- North Tees Power Station
North Tees A, B & C Power Stations
North Tees C Power Station in the 1980s
Country England Location Billingham Coordinates Coordinates: Status Decommissioned and demolished Construction began 1921 Commission date 1921 Decommission date 1983 Operator(s) North Eastern Electric Supply Company
British Electricity Authority
Central Electricity Authority
Central Electricity Generating Board
Imperial Chemical Industries
Power station information Primary fuel Coal Generation units A station:
Two Metropolitan-Vickers 20 MW
Two Parsons and one Metropolitan Vickers
Two 60 MW
Power generation information Installed capacity 1921: 40 MW
1983: 263 MW
grid reference NZ477210
North Tees Power Station refers to a series of three coal-fired power stations on the River Tees at Billingham in County Durham. Overall, they operated from 1921 until 1983, and the C station, the last on the site, was demolished in 1987. Billingham Biomass Power Station is to be built on their site.
North Tees A
In 1917, the Newcastle upon Tyne Electric Supply Company (NESCo) took control of the principal electrical undertakings for a large area in south County Durham and North Yorkshire. To supply the newly acquired area, NESCo built the North Tees Power Station on the banks of the River Tees at Billingham. The construction of the station began in 1917 and was completed for opening in 1921.
Design and specification
The station was designed by the engineering consultants Merz & McLellan. The station used two Metropolitan-Vickers 20,000 kilowatt (kW) turbo-alternators to generate electricity, giving it a total generating capacity of 40,000 kW. The Babcock & Wilcox boilers which were used to provided the steam to the turbines in the station, were famous in engineering circles at the time. In 1918 the boilers became the first in the world to use steam at up to 450 psi, and pioneered the practice of reheating it during expansion in the turbine plant. This development resulted in a further increase in the efficiency of power generation, and an appreciable decrease in the quantity of coal consumed per unit of electricity generated. In 1922, W.S. Monroe of the Chicago based consulting firm Sargent & Lundy described North Tees Power Station as "the most advanced power station in the world".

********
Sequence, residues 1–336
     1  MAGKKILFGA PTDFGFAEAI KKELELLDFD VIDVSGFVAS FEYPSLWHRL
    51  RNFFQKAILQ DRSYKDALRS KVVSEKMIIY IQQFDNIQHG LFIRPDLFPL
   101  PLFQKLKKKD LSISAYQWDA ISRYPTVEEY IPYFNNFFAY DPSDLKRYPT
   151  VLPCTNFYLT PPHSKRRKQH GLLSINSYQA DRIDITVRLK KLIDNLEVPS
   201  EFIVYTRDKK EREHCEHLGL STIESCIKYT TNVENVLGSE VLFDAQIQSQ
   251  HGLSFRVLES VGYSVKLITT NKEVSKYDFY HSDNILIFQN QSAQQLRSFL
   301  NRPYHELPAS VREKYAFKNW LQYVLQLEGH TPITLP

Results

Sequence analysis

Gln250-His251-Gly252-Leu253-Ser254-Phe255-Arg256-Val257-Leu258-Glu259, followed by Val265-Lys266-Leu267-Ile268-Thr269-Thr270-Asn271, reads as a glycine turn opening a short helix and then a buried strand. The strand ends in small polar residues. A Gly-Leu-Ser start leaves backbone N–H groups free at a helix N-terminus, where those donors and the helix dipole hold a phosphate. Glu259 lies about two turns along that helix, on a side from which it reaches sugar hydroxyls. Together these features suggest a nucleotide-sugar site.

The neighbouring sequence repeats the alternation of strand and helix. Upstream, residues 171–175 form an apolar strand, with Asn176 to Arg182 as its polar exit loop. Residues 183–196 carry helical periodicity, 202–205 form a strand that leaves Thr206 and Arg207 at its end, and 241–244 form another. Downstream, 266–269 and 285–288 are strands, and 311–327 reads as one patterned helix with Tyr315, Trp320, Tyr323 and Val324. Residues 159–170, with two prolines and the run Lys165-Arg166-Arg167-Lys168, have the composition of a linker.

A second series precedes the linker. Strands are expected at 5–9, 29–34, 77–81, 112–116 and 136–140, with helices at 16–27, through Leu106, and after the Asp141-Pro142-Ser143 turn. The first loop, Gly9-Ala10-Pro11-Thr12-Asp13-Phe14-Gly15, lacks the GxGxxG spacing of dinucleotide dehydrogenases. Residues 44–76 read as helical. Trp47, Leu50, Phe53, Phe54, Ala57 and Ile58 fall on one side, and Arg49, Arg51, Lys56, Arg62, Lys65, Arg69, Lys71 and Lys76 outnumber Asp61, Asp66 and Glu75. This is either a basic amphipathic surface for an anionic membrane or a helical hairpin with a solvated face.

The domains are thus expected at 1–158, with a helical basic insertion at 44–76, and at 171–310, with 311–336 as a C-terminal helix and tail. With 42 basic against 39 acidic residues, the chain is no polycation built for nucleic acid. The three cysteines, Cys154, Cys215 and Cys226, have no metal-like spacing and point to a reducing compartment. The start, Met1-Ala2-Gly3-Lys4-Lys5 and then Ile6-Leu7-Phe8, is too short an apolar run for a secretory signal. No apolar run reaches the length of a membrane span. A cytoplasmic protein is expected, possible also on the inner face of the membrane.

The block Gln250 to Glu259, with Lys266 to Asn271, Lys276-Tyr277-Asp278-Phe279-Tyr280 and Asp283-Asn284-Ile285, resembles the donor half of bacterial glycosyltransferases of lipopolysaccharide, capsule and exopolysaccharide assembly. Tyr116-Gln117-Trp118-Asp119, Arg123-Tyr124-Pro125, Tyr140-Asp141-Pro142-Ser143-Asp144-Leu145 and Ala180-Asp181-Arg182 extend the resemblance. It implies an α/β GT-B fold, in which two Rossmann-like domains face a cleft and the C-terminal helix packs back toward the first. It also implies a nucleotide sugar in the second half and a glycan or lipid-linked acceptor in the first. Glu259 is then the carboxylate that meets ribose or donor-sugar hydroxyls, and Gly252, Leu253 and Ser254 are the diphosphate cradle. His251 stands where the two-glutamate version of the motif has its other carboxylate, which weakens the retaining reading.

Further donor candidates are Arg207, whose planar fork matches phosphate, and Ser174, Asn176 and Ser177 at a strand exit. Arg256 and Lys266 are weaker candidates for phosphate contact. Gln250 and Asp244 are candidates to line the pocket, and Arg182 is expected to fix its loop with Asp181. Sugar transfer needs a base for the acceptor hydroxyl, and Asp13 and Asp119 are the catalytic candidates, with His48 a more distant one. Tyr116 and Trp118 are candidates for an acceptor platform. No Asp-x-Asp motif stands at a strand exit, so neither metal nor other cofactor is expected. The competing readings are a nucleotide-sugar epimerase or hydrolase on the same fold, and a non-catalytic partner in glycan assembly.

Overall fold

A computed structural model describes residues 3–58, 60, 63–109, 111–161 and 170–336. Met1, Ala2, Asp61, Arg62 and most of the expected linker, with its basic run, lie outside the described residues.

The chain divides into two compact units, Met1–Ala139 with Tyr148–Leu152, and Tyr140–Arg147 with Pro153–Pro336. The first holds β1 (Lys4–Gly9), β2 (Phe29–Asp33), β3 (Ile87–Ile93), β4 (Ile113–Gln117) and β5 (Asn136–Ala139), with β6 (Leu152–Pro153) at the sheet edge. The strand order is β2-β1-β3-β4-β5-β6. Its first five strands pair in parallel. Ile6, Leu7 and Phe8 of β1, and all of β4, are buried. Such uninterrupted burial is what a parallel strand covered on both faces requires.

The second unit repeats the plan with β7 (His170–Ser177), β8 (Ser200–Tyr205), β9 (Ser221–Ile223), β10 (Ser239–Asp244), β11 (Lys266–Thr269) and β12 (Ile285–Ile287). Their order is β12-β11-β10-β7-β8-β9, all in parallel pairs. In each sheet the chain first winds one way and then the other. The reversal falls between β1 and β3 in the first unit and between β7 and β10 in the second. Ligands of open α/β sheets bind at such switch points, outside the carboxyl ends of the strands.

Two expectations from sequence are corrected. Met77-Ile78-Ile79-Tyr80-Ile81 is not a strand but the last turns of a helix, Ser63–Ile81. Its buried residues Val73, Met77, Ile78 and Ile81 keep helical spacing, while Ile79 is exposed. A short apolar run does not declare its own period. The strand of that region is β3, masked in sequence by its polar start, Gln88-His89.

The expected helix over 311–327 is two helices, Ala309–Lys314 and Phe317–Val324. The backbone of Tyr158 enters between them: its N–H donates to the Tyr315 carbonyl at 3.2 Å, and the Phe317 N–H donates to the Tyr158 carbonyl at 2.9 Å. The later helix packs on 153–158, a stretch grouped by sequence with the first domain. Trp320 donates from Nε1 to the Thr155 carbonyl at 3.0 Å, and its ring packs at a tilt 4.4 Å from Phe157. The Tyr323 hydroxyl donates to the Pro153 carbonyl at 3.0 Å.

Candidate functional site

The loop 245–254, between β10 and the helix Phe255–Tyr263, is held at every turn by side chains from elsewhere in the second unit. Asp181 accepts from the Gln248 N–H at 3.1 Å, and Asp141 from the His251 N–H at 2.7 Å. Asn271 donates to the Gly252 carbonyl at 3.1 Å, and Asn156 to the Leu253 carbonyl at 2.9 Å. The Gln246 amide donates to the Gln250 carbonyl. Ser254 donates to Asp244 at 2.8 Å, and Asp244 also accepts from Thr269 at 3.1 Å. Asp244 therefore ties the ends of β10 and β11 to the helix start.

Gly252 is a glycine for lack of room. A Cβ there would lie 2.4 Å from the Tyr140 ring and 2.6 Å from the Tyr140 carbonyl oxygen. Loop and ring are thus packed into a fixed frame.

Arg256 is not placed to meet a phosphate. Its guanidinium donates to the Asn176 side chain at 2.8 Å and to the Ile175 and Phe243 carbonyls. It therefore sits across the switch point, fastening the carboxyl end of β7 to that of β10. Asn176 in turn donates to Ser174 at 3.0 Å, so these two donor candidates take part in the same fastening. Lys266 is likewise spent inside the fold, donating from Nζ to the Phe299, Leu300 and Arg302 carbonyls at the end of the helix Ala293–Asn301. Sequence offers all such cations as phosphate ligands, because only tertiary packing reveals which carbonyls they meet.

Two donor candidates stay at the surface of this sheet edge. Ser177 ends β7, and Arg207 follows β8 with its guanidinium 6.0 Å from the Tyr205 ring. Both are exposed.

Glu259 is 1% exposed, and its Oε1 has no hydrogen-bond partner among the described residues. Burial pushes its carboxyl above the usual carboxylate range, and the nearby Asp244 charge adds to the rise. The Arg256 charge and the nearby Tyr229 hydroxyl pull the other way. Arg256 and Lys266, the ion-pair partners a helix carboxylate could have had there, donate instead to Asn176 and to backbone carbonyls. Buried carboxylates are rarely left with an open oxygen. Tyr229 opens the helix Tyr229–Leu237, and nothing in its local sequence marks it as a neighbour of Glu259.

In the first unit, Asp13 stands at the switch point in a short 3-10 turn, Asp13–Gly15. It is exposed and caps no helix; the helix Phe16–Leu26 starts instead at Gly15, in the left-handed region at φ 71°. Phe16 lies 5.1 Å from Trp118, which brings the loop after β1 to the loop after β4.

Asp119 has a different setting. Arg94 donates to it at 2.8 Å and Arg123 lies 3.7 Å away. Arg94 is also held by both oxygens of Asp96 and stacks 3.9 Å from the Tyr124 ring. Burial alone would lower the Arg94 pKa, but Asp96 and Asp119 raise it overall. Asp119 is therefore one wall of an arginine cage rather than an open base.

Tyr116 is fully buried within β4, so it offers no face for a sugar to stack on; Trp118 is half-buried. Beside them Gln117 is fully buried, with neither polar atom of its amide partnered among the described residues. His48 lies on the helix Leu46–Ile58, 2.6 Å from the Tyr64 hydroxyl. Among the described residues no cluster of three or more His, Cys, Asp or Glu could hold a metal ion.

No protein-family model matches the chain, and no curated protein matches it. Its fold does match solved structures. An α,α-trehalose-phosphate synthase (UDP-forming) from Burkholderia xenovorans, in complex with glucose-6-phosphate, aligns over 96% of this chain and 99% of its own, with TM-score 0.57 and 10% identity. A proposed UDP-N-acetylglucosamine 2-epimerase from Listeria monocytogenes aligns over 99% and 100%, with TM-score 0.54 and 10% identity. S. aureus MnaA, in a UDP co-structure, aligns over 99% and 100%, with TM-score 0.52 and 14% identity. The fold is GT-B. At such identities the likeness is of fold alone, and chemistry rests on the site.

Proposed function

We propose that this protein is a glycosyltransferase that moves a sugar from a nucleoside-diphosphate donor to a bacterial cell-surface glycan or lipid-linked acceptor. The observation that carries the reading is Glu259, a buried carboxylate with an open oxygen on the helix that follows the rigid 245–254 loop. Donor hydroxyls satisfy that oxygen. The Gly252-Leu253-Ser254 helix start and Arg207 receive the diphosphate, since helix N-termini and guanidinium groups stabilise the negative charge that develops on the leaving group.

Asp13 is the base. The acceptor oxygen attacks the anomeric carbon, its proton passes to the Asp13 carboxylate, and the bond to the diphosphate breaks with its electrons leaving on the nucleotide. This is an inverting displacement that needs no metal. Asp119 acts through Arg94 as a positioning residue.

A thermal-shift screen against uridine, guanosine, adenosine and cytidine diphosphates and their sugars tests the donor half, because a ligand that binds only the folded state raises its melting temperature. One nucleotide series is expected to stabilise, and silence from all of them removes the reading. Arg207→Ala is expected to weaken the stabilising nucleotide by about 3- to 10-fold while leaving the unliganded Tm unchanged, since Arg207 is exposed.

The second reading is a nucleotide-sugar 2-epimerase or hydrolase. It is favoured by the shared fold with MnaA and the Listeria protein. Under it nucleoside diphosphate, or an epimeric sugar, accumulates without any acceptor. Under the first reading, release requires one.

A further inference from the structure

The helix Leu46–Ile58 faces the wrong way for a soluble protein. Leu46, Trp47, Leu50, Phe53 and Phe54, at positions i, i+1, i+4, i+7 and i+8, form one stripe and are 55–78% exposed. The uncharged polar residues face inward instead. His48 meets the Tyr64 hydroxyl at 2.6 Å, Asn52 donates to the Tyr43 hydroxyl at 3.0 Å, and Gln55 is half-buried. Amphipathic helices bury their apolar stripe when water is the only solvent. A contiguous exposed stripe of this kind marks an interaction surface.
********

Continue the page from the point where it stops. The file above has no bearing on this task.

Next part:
The station was connected by NESCo's high voltage transmission lines to their power stations on the River Tyne, for successful running "in parallel". When the UK's national grid distribution system was brought into use in 1932, the station was one of a small number of stations in the region to be converted from the 40 hertz (Hz) frequency used by the North Eastern grid system to the 50 Hz frequency used by the national system. However, the nearby ICI plant, which operated its own power station, required the North Tees A station's power as back-up, but the power needed to be supplied at 40 Hz, and so the A station retained three frequency changers to supply back-up power for many years after the change over, until the 1950s, when new electrical equipment needed to be ordered at the ICI plant.
The A station closed in 1959, after a number of years being used as a reserve station for high demand. Following closure, Metropolitan-Vickers took the rotors from the stations and tested them to destruction, to find out why the older machines were more efficient than the new ones.
North Tees B
The B station was commissioned in 1934, and used pulverised fuel firing, an advanced technology at the time the station was built. The station generated electricity using two Parsons and one Metropolitan-Vickers turbines, each driving two alternators in tandem. It was demolished in the late 1960s.
North Tees C
North Tees C Station was proposed in 1945, by the original two stations' operators, NESCo. However, the scheme was taken over by the British Electricity Authority when NESCo was nationalised in 1948. The station was built by the Cleveland Bridge Company and completed in 1949.